So no, I don't think it's what he 'ended up standing for' so to speak - but his lack of leadership and ability to get things done that has bothered so many on the left.
    Personally, I think eve that is unreasonable. I think he's done an amazing job given the cards he's been dealt. An obstructionist opposition and huge tent Democratic Party, along with a determination to not be a left wing version of Bush(i.e. no constant signing statements and bully boy techniques, for which the Bush administration is notorious) and push things through dictator-style, may take longer, but in the long term I believe his style is a very very good thing.
    I can understand the impatience of those on the left though, I just think they're blaming the wrong guy.
    But their patience is for the most part not about policy, but leadership and political strategy.
    I just keep telling them they DO NOT want a left wing version of Bush - even if it got what they wanted policy-wise. It would only result in immediate repeal when a right wing president comes in. I think I'm getting through to them!

    ReplyDelete
  10. Sorry my first line was supposed to read: I think your characterizing of progressives is wrong.

    ReplyDelete
  11. He has certainly used Cabinet heads. Gates and Arnie Duncan have both made several appearances as well as authored numerous op-eds. Also, Sebelius and the Labor Secy's have both made numerous TV & townhall appearances by themselves & with others. Then there is Geithner. Basically disagree with everything Halperin says. Maybe better msging,but hcr is complicated & hard to reduce to sound bites....I do know the stimulus defense by heart that he gave at townhalls for a solid yr.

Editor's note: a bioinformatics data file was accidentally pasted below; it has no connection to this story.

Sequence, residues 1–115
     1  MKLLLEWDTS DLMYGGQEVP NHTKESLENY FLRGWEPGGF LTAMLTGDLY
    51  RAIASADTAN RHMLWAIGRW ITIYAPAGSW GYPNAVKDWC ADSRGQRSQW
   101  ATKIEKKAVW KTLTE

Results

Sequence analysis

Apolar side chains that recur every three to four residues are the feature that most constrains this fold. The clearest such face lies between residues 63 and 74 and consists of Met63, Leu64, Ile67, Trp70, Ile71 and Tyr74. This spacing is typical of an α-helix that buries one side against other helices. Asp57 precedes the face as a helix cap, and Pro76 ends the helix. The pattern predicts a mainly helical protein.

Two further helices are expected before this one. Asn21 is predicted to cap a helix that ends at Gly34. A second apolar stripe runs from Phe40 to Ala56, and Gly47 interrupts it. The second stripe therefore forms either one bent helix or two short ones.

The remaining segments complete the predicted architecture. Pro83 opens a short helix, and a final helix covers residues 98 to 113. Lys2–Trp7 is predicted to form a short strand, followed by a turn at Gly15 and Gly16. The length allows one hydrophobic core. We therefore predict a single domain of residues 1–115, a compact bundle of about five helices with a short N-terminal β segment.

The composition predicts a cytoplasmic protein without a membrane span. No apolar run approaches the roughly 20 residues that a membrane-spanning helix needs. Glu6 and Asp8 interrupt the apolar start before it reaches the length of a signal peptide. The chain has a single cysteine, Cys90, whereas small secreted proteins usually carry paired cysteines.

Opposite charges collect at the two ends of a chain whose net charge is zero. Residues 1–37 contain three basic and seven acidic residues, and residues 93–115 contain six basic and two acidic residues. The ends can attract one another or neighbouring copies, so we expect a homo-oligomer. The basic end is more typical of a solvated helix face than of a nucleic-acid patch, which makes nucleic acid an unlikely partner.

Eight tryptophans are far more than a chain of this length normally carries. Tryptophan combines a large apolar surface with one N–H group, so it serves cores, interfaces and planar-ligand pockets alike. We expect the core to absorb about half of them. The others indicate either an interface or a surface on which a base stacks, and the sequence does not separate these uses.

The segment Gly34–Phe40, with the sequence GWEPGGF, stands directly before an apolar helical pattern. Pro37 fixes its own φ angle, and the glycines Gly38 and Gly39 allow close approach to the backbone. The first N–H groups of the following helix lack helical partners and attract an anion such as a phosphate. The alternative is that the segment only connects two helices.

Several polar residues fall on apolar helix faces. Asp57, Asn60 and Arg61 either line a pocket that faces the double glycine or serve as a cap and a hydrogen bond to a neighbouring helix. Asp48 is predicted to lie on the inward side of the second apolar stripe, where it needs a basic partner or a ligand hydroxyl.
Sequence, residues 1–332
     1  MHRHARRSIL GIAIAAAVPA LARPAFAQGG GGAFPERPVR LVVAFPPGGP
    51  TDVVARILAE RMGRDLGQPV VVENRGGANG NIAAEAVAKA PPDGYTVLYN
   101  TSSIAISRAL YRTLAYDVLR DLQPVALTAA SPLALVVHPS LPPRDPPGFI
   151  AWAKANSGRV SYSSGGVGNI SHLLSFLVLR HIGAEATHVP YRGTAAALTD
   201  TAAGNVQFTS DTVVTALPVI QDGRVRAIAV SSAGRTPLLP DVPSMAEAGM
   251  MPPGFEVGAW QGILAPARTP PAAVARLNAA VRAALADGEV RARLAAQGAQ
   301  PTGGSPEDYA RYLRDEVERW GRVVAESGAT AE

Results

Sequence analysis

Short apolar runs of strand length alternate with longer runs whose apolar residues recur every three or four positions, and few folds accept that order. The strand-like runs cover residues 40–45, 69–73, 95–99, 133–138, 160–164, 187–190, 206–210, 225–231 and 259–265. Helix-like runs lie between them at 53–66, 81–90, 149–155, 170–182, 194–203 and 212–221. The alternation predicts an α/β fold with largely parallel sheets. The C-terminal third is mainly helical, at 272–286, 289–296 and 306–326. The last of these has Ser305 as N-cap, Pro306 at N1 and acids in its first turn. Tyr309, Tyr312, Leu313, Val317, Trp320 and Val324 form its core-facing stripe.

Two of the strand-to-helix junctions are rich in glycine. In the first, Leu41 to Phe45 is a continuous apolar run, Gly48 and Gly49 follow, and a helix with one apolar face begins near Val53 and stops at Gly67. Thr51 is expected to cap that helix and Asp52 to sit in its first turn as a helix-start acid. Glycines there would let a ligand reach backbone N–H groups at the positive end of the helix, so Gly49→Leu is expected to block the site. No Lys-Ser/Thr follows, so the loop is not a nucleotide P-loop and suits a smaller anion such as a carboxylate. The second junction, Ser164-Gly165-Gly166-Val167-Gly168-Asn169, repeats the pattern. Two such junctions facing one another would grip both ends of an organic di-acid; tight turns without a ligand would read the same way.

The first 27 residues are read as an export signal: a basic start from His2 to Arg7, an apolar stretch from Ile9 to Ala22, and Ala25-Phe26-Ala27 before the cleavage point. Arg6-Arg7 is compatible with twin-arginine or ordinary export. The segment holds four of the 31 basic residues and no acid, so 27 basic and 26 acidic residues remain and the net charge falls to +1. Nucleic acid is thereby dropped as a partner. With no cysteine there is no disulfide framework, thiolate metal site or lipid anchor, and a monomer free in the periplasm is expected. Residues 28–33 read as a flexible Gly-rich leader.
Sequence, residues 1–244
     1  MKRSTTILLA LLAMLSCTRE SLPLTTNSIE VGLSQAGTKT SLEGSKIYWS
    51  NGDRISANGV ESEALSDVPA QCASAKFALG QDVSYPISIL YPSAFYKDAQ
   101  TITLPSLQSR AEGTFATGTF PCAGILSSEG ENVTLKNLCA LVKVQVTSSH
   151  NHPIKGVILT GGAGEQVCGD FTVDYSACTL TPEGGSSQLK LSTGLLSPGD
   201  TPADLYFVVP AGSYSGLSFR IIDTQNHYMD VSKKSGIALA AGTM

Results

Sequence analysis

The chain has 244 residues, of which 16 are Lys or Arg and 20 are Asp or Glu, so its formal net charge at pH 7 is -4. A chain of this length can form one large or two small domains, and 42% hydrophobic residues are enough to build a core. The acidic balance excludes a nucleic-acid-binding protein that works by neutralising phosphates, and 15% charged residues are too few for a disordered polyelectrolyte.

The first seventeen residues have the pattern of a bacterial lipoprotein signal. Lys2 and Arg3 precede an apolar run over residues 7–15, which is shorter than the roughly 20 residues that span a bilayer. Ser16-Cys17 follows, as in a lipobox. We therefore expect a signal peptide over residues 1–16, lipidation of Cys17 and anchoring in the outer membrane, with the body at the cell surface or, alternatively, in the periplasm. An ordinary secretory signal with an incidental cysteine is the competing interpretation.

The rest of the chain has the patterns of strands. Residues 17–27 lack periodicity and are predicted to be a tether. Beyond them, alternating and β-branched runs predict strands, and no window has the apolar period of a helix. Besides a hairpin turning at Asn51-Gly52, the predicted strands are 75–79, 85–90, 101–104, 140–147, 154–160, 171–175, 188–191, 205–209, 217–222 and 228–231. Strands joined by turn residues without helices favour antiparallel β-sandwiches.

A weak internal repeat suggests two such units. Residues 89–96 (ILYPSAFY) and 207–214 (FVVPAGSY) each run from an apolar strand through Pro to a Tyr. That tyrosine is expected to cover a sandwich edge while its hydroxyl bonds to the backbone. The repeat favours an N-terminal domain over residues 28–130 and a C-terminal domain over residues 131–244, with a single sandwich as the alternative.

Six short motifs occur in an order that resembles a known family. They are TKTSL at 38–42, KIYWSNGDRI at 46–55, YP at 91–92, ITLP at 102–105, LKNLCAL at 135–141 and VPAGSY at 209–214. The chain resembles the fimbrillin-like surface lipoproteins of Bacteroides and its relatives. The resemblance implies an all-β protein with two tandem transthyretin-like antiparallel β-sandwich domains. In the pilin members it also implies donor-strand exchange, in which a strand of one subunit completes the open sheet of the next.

ReplyDelete
  12. People seem to forget that Clinton's 1993 economic package was passed over the no vote of every single GOP member in both houses, with Gore breaking a 50/50 tie in Senate, and with dire warnings of deficits as far as the eye could see, thanks to the media's peddling of "reverse supply side economics" (e.g., Clinton tax increases would kill growth, lowering tax revenues needed to pay for expanded government, causing huge deficits). [This from the biggest deficit spenders ever, i.e., Reagan and GHW Bush, at least up to that point). In the end, they were wrong, the economy soared, unemployment plummeted, and Clinton won reelection handily. And he then dlivered budget surpluses, and managed not to swat any hornets nests, or allow major attacks on US soil during his presidency. And he still had tremedous popular support even after the Lewinsky blowjob scandal/Impeachment extravaganza. Who'd a thunk it, especially in Halperin-world, where the relentless 24-hour news cycle, and the need to declare winners and losers on a daily basis, transcend reality completely.

    It's amazing how quickly we forget impeachment, forget Bush stealing the 2001 election (and with it, the Supreme Court for another generation) with complicity from teh corporate media, how Bush jammed Iraq down Congress' throat just before the first midterm election after 9/11 without a peep from the Press; and countless other executive abuses during the Bush years that hte fourth estate was "for the state". And this is Halperin's take on why hte Media is reporting that Obama is struggling (instead of reporting that Republicans are lying about reconciliation)? Haleperin is, and will always be, a one dimensional tool of the corporate media.

    ReplyDelete

Who links to my website?